Two Continue reading

Post #GE2015: Trying to find my way back to poetry

I feel devastated that the Tories have won an overall majority in the UK General Election, meaning that we are in for five more years of their callous, uncaring policies, cuts to the social welfare system, to the Arts and to public services.  Usually, when I’m feeling down, I try to pull myself together by telling myself there’s always someone worse off than me but, in this case, that’s the whole point, they’re the ones I’m most upset for: the poor, the ill, the disabled, carers, the unemployed.  These are the people who are going to be punished by a Government which is hell-bent on making a further £12bn of welfare cuts by 2018 even though so many thinkers, including  economists at the IMF , have written about Austerity policies not working.

Not 48 hours after the Tory election victory, there were strong shows of protest on the streets of London and Cardiff, played down or completely ignored by mainstream British media.  There have also been rumours of tweets and YouTube footage of the protests being mysteriously deleted.  It’s as if someone wants to hide the fact that all is not well in our land….. Continue reading

Some poems on Soundcloud

Thanks to comments from Kevin, David, and Tom, that my poems are not accessible to people who are blind, I’ve  uploaded two poems from ‘The Misplaced House’ to SoundCloud.  There’s also a video link here of me reading ‘Three Ted Hughes Stories’ at Swindon Open-Mic.

Here’s my poem ‘Honeymoon’ which was a runner-up at Bridport in 2010 and, like all of my work, is a mixture of autobiography and pure fiction.

and here’s my poem ‘How to Keep Spare Keys’.  An earlier version of this was published in the anthology ‘A Complicated Way of Being Ignored’.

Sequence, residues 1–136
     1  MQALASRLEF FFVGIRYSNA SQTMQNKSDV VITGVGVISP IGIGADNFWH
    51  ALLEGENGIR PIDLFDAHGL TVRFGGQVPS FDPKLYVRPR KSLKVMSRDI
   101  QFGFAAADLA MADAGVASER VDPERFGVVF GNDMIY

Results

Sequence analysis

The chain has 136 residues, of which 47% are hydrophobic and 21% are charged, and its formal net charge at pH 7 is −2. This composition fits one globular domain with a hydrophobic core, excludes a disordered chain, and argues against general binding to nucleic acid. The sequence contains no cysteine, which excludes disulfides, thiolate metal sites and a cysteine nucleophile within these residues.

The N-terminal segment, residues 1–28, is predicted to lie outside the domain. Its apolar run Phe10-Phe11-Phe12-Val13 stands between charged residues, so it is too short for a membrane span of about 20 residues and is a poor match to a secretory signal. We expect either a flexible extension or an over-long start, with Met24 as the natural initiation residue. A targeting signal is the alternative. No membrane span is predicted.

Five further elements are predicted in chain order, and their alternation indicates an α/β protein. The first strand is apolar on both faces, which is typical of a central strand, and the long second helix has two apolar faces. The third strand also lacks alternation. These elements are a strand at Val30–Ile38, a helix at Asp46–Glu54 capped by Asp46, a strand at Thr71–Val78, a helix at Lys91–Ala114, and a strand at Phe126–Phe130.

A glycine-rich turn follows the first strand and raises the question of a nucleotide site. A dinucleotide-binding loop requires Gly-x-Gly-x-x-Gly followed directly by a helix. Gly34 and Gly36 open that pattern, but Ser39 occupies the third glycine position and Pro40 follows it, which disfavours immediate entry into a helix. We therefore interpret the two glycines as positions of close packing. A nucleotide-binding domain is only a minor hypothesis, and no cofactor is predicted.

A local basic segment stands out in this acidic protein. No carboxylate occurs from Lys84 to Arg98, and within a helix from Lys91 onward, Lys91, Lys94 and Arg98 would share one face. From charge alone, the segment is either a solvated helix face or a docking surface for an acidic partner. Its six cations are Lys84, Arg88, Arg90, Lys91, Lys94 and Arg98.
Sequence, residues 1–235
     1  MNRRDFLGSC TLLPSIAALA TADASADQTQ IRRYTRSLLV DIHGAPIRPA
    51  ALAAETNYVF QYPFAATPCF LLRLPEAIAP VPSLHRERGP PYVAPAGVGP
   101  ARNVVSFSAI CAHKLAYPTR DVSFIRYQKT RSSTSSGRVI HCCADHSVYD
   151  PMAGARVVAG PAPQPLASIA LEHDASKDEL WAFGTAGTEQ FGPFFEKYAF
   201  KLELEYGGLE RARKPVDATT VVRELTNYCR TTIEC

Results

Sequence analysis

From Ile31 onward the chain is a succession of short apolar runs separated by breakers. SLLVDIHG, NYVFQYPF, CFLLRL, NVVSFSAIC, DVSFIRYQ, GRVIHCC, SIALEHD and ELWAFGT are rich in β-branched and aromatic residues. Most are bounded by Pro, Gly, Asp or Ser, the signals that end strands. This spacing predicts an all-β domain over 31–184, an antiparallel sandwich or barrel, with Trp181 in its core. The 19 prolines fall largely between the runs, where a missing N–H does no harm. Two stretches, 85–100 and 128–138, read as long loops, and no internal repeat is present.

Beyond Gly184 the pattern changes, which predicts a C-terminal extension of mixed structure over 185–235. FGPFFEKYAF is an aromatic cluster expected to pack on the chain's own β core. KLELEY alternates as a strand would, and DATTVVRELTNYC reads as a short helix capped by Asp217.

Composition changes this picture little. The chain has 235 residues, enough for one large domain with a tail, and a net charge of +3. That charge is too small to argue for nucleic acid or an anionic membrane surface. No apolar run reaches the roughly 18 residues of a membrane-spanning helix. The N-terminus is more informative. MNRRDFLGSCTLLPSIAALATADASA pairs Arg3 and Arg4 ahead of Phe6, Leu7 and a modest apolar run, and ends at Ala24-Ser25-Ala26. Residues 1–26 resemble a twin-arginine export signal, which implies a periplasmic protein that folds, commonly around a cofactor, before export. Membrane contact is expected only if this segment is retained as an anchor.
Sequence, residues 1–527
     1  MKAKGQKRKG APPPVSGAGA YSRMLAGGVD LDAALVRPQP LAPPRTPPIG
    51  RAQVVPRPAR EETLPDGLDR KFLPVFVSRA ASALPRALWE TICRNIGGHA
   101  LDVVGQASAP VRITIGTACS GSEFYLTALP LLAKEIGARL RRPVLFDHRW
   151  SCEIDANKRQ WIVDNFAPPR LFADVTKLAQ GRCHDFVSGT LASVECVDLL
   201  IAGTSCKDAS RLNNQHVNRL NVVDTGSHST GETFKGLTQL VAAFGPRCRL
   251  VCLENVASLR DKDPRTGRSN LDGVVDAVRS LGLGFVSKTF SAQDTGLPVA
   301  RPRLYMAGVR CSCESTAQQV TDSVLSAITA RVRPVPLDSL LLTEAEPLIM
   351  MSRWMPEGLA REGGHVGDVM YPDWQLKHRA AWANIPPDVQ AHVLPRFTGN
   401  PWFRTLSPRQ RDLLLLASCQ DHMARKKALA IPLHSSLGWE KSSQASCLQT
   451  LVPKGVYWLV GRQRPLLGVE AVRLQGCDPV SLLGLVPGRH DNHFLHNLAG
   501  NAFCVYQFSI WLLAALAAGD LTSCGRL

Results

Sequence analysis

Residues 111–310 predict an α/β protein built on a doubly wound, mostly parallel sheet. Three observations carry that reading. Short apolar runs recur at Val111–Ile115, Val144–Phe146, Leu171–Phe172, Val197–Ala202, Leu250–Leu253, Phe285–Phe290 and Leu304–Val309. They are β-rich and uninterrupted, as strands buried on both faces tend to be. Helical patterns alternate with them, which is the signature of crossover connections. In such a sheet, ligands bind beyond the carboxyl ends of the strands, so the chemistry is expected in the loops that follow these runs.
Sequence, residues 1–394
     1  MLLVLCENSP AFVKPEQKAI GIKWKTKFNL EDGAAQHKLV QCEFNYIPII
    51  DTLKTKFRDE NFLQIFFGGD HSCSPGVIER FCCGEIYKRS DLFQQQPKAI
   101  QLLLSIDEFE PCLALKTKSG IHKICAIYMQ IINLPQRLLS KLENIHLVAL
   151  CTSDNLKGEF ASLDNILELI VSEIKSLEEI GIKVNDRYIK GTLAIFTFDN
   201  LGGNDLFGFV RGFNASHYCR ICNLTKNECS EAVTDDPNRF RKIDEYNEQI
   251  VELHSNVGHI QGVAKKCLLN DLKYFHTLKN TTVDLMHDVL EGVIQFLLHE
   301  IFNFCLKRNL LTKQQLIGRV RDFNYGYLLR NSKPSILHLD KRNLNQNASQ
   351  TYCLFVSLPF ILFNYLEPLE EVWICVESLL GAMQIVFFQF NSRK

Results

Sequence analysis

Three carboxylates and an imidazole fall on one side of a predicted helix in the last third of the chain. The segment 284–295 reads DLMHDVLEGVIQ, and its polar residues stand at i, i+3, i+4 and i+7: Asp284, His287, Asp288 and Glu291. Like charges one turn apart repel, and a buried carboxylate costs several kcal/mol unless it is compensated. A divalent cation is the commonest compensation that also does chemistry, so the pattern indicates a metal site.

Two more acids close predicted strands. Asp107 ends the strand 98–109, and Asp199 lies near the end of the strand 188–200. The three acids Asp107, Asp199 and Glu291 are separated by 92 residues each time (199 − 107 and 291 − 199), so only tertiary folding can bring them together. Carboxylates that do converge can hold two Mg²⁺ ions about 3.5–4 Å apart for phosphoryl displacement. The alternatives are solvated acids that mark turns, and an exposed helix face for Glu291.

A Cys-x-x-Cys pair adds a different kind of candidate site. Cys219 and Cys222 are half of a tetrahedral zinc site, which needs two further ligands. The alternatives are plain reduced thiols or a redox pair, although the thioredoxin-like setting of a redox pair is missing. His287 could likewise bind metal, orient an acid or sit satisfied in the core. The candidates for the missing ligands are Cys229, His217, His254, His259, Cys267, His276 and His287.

This Writer’s Life

On the one hand the cliché of that title, on the other hand the article is off and running and you’re reading it (thank you, by the way).

goodbye cardOn the one hand I will miss the friends I’ve made during the last 18 months when I’ve been reading aloud every week with people living with memory loss and dementia, and their carers. On the other hand, my contract has come to an end and I will stay in touch via emails and the occasional visit and think of the extra hours for my TBR pile and my unfinished poems.TBR pile

On the one hand the guilt of leaving, on the other hand, 18 months on a 0.5 contract, six groups launched, ten volunteers recruited, one Public Health Award won, two new paid jobs for Wiltshire people created because the success of the project has justified its expansion.

On the one hand I am entering a period of not being in paid employment, on the other hand I have money in the bank, I like charity shops and simple living, and my kitchen table is long and inviting at 9am after my kids have left for school, with my notebooks piled next to my elbow, my Mitsubishi Uni-Ball Vision Elite pen poised to begin its journey down an empty page. Continue reading

New review for ‘The Misplaced House’


Thanks very much to Emma Lee

book march 2015

Review of my poetry pamphlet ‘The Misplaced House’ at her blog.


Poetry and Self-Promotion

This post has been prompted by a letter I received, out of the blue, from a Writing student who’s composing a research essay about the connections between getting published and “self-promotion in contemporary poetry in the UK.”  The letter goes on to say that “self-promotion is a rather poor term…… and that online sharing of work……connecting with other poets, etc., is a more helpful way to think about it.”

Keep calm and blow

I agree that there is something extremely distasteful about the idea of self-promotion.  On social media, I tend to unfollow people who bombard me with nothing but links to their own stuff.  It seems obvious that this behaviour is “anti-promotion” and does nothing but repel me from the writer and their work.

Of course, there is a difference between blatant self-promotion and establishing an online presence.  If you’re a writer, especially if you’re a poet published by a small press (like me!), it’s a good idea if people can easily find you online so that they can read some of your work, buy your book, invite you to give a reading or workshop, ask you to judge a competition or to collaborate on a project.  Or simply tell you that they love your poems (you hope!) or all sorts of other interesting reasons that I haven’t thought of. Continue reading